Who knew that David Harbour, currently enjoying a career high as Stranger Things’ gruff sheriff Jim Hopper, had such a knack for absurdist comedy? Or that “David Harbour III” (a fictionalized version of himself) had a dark family legacy bound up in Mary Shelley’s Frankenstein and the theatah!
Watching Frankenstein’s Monster’s Monster, Frankenstein, Netflix’s odd half-hour mockumentary about a made-for-TV play that ended in tragedy, feels like watching a friend’s weird indie show, or—perhaps more universal—your friend showing you something random-but-mesmerizing like “Too Many Cooks” on YouTube. After emerging from the rabbit hole, you’re entertained, to be sure, but you also wonder What the hell did I just watch?
In this case, the answer would seem to be: a send-up of the made-for-TV play and other acting-centric TV programming like Inside the Actors Studio, in the style of Documentary Now!, by way of Serial. Written by Arrested Development’s John Levenstein, it follows Harbour as he sorts through archival footage of his father, David Harbour Jr., a celebrated actor of stage and screen. While he enjoyed fame in title roles like The Crying Detective, it was when he took on the truly ambitious role of Frankenstein (but is it the doctor or the monster?) that his career plummeted.
Frankenstein’s Monster’s Monster, Frankenstein is both the name of the mockumentary and of its subject, the televised play in which an aspiring female scientist journeys to a remote island to meet Dr. Frankenstein and his creation, unwittingly revealing several layers of deception in the lab. It’s part living-room play in a period piece home, complete with howling madwoman mother in the attic and Harbour as the monster grunting his way through the basement. Or is he?
Just as you start to get engrossed in the play-within-a-doc’s plot, one of the actors clumsily sidesteps the camera while eyeing it the entire time, or blurts out a hamfisted line about Chekhov’s gun. And that’s where the true brilliance lies, in having talented actors like Kate Berlant and Alfred Molina play so convincingly at being awful actors. While my own knowledge of the history and relative quality of televised plays is limited, I could tell that I was being let in on a long-running joke about the awkwardness of fitting the stage into the parameters of the screen. Like when you catch a meme online and only just understand it; you wouldn’t be able to riff on the joke yourself, but you still laugh.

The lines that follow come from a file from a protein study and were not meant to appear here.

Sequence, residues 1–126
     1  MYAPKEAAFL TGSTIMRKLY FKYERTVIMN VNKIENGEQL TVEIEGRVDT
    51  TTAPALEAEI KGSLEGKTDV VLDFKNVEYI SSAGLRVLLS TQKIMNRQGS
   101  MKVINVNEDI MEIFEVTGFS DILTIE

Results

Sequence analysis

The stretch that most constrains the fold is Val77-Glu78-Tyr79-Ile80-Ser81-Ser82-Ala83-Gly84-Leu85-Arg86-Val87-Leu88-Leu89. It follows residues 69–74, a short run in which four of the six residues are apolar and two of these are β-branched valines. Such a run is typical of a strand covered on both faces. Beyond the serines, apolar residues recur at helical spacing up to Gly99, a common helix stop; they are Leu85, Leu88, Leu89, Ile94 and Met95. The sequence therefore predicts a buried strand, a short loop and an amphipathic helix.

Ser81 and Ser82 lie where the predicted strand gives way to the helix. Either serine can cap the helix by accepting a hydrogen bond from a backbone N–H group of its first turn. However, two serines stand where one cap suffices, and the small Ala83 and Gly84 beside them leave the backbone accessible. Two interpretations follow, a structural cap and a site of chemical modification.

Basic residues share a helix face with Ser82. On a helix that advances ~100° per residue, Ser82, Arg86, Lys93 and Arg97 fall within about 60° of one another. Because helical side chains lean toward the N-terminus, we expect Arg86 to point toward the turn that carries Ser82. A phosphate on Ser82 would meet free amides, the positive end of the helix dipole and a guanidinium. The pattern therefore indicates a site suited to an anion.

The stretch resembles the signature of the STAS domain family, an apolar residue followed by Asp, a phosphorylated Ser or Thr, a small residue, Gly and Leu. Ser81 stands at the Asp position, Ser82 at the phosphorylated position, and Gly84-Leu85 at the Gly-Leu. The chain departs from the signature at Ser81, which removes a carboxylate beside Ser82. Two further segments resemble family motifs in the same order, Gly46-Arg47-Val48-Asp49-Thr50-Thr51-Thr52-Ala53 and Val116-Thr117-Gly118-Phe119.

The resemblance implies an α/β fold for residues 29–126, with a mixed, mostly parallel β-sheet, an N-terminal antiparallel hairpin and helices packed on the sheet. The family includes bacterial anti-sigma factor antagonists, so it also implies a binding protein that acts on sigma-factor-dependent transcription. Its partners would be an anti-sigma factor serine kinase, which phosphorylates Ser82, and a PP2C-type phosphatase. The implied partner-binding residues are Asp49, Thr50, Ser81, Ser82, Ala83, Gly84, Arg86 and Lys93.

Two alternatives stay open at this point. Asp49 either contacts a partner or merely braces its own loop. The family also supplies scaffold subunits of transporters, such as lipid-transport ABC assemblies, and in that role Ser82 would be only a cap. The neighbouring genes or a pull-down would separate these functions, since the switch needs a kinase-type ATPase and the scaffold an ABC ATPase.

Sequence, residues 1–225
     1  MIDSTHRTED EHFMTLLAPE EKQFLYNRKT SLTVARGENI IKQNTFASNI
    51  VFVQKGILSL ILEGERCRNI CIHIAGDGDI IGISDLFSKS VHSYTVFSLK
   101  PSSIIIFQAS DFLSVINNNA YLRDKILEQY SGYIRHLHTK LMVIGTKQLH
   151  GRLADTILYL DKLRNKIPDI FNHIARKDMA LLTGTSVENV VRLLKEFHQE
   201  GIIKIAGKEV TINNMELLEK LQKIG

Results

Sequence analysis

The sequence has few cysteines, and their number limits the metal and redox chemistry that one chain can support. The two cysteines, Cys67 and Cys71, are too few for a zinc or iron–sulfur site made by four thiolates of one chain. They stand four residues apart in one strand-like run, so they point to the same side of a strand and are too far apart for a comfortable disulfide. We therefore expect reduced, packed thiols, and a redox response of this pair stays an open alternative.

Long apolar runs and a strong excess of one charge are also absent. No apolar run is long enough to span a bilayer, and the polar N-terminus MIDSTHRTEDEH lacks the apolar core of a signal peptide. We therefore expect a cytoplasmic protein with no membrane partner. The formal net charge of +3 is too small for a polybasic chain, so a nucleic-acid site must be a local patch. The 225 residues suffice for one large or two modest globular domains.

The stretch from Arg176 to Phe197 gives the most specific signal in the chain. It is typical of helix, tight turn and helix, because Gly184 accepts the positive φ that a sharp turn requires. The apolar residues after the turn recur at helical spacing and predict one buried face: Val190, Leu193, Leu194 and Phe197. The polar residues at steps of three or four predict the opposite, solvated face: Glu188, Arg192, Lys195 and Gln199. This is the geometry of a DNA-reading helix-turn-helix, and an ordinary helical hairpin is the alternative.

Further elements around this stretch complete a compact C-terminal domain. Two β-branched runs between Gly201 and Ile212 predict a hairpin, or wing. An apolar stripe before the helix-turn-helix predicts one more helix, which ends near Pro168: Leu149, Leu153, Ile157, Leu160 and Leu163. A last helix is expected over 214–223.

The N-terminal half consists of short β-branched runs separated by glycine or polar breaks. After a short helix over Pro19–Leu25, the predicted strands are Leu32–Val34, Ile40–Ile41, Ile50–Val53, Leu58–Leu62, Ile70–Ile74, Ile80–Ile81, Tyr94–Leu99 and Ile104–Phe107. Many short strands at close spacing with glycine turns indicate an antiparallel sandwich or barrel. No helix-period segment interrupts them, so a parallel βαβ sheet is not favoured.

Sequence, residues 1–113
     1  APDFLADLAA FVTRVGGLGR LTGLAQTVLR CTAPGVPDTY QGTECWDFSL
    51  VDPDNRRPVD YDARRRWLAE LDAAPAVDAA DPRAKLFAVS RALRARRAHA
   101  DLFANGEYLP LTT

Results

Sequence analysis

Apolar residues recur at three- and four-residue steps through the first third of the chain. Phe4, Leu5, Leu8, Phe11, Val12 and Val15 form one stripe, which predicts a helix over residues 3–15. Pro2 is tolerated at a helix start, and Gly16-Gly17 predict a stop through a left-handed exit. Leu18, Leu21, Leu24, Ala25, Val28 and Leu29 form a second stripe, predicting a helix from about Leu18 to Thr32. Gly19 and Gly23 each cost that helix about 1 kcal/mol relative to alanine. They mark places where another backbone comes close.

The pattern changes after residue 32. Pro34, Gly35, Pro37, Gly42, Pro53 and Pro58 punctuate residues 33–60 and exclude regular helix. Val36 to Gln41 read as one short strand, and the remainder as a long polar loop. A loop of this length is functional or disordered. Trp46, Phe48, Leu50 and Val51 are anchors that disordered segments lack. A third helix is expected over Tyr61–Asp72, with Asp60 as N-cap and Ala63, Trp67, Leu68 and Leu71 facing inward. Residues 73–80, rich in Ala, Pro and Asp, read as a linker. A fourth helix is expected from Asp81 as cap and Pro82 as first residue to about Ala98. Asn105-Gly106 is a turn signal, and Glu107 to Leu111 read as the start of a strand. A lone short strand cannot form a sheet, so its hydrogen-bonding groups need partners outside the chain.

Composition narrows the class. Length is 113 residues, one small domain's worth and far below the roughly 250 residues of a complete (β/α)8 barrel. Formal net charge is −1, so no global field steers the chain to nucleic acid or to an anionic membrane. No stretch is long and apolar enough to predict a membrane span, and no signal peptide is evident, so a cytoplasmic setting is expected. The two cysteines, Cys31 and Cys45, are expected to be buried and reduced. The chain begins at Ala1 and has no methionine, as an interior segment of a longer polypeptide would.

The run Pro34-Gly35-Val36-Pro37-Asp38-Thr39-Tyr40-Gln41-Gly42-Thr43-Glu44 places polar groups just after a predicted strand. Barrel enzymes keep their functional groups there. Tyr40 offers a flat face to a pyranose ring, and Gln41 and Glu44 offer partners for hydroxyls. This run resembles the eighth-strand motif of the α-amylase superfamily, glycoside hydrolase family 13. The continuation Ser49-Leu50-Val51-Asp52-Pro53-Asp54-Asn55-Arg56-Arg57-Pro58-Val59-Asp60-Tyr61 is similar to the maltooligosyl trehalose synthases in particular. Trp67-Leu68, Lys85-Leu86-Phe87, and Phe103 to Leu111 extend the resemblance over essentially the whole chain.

Frankenstein’s Monster’s Monster, Frankenstein is filled with as many random references as, say, an actor’s trunk full of props—some so out of left field that it’s sheer luck to catch it. For instance, a friend just happened to show me Orson Welles’ disastrous champagne commercial for the first time recently, which no doubt inspired the bizarre “London, U.S.A.” interstitials. Not knowing the source doesn’t detract from the experience, but it makes it immeasurably more amusing.
It’s not all a laughing matter, however. Interspersed with footage from the show is Harbour’s present-day investigation into his father’s fall from grace, from recreating his father’s office to confiding in family friend and David Harbour Jr.’s agent to hiring a dramaturg to do some digging. It’s all very deadpan, the guest actors dryly describing a supposedly larger-than-life star, because the stakes are high to no one but Harbour himself. It’s almost as if he is acting in an entirely different documentary than everyone around him—which is reflected in his father’s performances in Frankenstein’s Monster’s Monster, Frankenstein, carrying the play on his shoulders among a coterie of amateurs.
It must be said that Harbour takes on an impressive array of roles, from his present fictionalized self to his father to Frankenstein-as-monster to the creature himself. (“And that’show I got into Juilliard!” gets funnier every time.) It would not be surprising if Harbour went the route of Adam Scott or Fred Armisen and made this a recurring thing, showing up in future mockumentaries in entirely different roles, as he seems to be having so much fun with it.
There’s even brief, surprising pathos, as the mockumentary makes a sharp, late-stage turn into murder mystery (seriously, with mere minutes to go), building to a commentary about artists as monstrous figures. But by then, it’s so muddled that it’s unclear if this is what David Harbour III thinks, or the real Harbour, or Levenstein writing it.
It’s just too short. Part of the fun of Chekhov’s gun is stretching out the time between its introduction and its inevitable firing. When it goes off half-cocked, the audience barely gets enough time to savor the tension of its presence. I could have watched the entirety of the Frankenstein’s Monster’s Monster, Frankenstein play rather than intercut between that and Harbour’s attempts at playing Sarah Koenig.
That said, the main benefit of its brevity is that you can fit in multiple viewings without breaking a sweat—something wholeheartedly recommended. Everything lands better on the second watch, from the actors’ awkward blocking to the dramatic beats in the Joey Vallejo mystery. In that way, you can treat Frankenstein’s Monster’s Monster, Frankenstein like an episode of Documentary Now!, plopping your friends down on the couch for a mere half hour and going down your own personal rabbit hole.
Frankenstein’s Monster’s Monster, Frankenstein is available on Netflix now.